Nurses in Four States Strike to Push for Better Patient Care

Nurses in Four States Strike to Push for Better Patient Care


Debi Albert, the hospital’s chief nursing officer, said the temporary nurses, who came in from across the country, would come in only for a five-day contract.

“The competition for those relief nurses was quite high,” Ms. Albert said. The staffing agency used to hire the temporary nurses, she said, indicated to the hospital that “if we wanted to safely staff the hospital for one day, we had to commit to those nurses for five days, or they would not travel.”

In addition to hiring the temporary nurses, the University of Chicago Medical Center moved several patients out of the neonatal intensive care unit, the pediatric intensive care unit and the intensive care unit. The hospital’s emergency room is currently on diversion, meaning ambulances must find somewhere else to go, even if it is the closest one.

“It’s heartbreaking” that they’re moving patients, Ms. Hardin said. “You work in a place and you think that there’s values and that what you do matters, and they do things like take your patients away.”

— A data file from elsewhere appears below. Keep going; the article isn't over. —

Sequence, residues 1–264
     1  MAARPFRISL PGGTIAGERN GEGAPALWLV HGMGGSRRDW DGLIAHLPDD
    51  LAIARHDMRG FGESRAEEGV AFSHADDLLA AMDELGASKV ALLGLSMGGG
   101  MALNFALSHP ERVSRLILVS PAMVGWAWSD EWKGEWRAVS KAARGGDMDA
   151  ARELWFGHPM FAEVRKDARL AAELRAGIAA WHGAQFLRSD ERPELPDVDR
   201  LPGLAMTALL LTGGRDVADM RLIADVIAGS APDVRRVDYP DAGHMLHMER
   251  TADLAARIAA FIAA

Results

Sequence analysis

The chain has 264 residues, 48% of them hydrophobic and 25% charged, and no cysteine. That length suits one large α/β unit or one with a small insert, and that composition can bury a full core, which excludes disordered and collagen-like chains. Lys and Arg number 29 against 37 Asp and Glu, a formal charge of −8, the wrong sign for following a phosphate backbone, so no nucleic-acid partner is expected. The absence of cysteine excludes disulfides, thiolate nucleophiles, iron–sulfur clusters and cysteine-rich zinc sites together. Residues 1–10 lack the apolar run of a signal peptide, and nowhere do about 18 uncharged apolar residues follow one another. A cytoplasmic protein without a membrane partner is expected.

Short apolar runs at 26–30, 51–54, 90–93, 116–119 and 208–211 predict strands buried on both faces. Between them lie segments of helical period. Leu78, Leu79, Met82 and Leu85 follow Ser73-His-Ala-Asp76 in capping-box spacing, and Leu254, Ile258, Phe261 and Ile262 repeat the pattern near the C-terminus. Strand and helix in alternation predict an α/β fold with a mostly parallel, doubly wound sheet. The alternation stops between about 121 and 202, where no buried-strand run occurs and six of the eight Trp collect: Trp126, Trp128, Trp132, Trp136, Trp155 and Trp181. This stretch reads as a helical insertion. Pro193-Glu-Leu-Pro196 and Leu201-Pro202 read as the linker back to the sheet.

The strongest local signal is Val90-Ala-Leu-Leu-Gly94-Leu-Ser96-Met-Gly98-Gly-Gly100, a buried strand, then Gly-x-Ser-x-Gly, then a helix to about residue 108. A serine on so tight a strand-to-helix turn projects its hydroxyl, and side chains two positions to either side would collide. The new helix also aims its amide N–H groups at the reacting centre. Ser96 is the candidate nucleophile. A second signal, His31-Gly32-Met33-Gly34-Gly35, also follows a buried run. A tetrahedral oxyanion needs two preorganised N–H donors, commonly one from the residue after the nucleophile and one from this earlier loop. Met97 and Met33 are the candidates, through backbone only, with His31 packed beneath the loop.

The nurses at the University of Chicago Medical Center face unsafe working conditions daily, according to Ms. Hardin. She said that units often borrow supplies, equipment and even staff from one another just to make ends meet.

“It’s kind of a robbing-Peter-to-pay-Paul situation,” Ms. Hardin said.

The University of Chicago Medical Center, through a spokeswoman, rejected the notion that the hospital was inadequately staffed.

“As in any hospital, we often see unpredictable and sudden increases in demand for care within our inpatient units,” she said. But she noted that the hospital has a group of nurses who can shift between units depending on need.



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